Increased customer demands, new competitors, and economic factors all require companies to act faster to remain competitive. Without access to real-time information to drive decision-making, the process is laboured, fraught with frustration, and often results in poor revenue numbers.
Reverse ETL is an emerging piece of the data stack that puts valuable customer data back into third-party operational apps to drive rapid and more accurate decision-making. This guide will cover what Reverse ETL is and what Reverse ETL is used for.
Reverse ETL in a Nutshell
Extract, Transform and Load (ETL) has been the standard data processing strategy since the 1970s. The core premise of ETL is to enable companies to extract information from siloed systems and merge it into a common storage mechanism commonly known as a data warehouse.
Reverse ETL is the opposite of this, where companies can copy synched, formatted information from the warehouse to operational third-party apps such as HubSpot, Salesforce, Zendesk, and more. The process synchronizes data on a recurring schedule or when triggered by a request from a third-party app through an API (Application Programming Interface) call.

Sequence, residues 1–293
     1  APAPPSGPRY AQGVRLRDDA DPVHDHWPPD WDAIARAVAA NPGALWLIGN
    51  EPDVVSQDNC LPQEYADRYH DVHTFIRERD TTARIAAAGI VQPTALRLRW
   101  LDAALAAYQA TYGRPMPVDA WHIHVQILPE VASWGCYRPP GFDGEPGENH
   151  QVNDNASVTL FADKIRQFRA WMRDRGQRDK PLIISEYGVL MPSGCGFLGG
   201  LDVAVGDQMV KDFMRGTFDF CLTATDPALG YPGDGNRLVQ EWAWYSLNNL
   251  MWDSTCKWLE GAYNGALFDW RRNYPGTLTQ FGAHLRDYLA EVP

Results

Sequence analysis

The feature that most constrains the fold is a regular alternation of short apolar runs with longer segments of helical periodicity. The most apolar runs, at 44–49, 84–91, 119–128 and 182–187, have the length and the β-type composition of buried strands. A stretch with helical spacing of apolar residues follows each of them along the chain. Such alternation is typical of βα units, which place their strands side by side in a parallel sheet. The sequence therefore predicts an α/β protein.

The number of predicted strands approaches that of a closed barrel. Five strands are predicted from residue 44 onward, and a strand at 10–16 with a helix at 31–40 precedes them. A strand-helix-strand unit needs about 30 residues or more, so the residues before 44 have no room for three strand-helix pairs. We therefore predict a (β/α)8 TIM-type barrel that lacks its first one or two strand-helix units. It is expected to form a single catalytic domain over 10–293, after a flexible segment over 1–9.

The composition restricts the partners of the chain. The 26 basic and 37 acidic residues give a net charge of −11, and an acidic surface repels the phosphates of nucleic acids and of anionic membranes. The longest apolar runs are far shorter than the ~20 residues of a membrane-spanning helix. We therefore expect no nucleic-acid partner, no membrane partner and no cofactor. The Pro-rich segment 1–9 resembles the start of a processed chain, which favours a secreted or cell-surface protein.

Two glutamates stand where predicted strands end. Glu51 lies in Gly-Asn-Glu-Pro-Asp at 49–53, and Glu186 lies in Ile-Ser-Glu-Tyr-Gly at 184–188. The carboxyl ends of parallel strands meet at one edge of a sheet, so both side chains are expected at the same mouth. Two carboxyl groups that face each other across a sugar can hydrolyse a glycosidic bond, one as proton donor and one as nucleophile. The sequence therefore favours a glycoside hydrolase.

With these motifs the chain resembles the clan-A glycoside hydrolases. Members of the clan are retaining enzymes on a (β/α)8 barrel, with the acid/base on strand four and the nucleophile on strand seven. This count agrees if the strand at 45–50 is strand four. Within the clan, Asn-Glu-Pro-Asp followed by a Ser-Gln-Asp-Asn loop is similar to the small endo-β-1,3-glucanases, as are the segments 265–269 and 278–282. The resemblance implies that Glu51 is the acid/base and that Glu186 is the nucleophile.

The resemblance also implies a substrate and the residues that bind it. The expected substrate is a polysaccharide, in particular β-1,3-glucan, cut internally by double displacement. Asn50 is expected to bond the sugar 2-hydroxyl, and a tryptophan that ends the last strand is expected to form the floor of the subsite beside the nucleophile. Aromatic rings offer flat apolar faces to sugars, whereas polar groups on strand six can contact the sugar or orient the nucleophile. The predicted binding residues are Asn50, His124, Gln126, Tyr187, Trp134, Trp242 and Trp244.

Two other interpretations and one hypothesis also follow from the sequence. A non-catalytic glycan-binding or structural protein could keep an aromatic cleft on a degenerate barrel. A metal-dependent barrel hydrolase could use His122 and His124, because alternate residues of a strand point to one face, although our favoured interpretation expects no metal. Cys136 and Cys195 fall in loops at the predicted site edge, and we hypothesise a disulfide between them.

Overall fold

This approach is a key operational strategy that helps close the loop on customer information by integrating it back to key operational systems. Putting more comprehensive knowledge back into the hands of front-line team members such as sales and marketing empowers them to make more accurate and more confident business decisions. It also improves the customer experience when these front-line personnel have the information necessary to provide a more tailored customer experience.
Why Would I Move Data Out of the Warehouse?
It seems backward right? You just spent all that time dumping data into the warehouse, why on earth would you want to move it anywhere else? The answer lies in the functional differences between the warehouse and the operational systems that rely on the data.